A few things to know about study groups: 

  1. You don’t have to be in one. It’s optional. Sometimes it can be helpful, but plenty of people succeed without one, so if it’s really not your thing, that’s cool too.
  2. Even if you have a study group, it doesn’t mean you can’t also study on your own. It’s not an either-or choice. Maybe you study on your own all year and then you have a group for your reading period. Study on your own during reading period but join a group to go over exams together. You can combine study styles to your heart’s content.
  3. You don’t have to be in a study group with your friends. Sometimes it actually helps not to be with your friends because you’re less likely to get off topic. Sometimes it helps to be with your friends for moral support. Try it and see.
  4. Study groups can change. If one study group for one class didn’t work for you, try something different the next time around. Pick different people or different strategies or all of the above.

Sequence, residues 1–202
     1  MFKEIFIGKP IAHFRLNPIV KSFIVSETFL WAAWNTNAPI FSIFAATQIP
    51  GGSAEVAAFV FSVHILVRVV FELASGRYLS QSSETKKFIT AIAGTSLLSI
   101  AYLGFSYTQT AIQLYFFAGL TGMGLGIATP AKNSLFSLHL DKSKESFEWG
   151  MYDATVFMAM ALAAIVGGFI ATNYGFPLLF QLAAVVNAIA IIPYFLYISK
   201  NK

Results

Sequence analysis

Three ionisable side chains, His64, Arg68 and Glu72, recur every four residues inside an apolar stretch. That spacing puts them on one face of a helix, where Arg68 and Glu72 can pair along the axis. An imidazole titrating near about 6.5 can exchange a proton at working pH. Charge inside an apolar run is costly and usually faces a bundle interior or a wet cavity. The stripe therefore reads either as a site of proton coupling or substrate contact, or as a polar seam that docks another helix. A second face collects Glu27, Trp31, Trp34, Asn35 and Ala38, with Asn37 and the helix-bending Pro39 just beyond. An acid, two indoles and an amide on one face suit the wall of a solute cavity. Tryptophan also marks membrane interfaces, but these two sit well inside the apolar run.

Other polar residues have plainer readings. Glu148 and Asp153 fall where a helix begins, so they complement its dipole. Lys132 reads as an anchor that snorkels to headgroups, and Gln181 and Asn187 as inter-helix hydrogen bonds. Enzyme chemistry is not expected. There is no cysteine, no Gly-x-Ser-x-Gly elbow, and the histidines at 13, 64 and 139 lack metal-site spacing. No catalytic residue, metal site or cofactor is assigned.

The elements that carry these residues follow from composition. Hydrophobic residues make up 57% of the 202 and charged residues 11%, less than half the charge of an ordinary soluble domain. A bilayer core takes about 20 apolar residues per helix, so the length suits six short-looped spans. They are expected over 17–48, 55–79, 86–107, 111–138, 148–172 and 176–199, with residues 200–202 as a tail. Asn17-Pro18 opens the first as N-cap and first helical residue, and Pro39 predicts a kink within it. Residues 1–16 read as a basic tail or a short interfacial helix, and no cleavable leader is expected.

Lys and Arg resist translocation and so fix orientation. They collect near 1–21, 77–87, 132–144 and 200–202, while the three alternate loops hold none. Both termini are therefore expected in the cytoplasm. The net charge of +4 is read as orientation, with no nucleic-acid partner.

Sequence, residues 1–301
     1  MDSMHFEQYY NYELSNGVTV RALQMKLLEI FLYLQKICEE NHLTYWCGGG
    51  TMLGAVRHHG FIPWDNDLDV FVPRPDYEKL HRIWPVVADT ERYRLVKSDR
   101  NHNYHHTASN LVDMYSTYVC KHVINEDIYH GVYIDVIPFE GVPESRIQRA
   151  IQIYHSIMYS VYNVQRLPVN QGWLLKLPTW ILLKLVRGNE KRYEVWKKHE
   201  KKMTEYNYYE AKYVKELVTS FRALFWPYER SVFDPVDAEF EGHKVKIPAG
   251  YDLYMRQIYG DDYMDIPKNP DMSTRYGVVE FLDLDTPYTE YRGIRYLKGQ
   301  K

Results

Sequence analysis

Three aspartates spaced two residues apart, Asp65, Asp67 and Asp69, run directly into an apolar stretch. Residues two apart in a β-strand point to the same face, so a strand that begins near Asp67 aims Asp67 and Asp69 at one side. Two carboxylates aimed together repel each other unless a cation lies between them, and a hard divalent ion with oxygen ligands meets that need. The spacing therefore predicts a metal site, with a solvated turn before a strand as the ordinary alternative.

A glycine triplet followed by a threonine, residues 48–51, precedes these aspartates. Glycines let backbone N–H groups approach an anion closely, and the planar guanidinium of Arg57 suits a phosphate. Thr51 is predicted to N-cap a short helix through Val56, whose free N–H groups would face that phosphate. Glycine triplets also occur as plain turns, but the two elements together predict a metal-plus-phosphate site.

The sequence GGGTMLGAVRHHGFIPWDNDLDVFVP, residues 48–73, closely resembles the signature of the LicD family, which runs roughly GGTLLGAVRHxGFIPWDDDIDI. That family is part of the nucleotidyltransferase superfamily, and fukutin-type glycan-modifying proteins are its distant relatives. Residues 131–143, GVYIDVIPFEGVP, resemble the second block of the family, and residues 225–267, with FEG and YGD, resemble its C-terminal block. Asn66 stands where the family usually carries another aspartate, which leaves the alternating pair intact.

5. It’s never too late to start a study group. Just because pre-reading period you didn’t set up a study group doesn’t mean you can’t join one now. Just because you didn’t have a study group for the last exam doesn’t mean you can’t join one for the next exam. Ask around if you’re interested. (Pro tip: if you’re worried about not being able to find one, no one says no to someone who comes bearing food. Just saying.) 
  6. Rely on your study group to help you do your work, but don’t expect your study group to do your work for you. That is, your study group is a resource, but you’re still going to have to take this exam on your own. 
  7. Speaking of which,  create your own outline. Do not just use study group members’. Do not. Do not. Do not. If you remember anything about studying for reading period, remember that you need to outline on your own.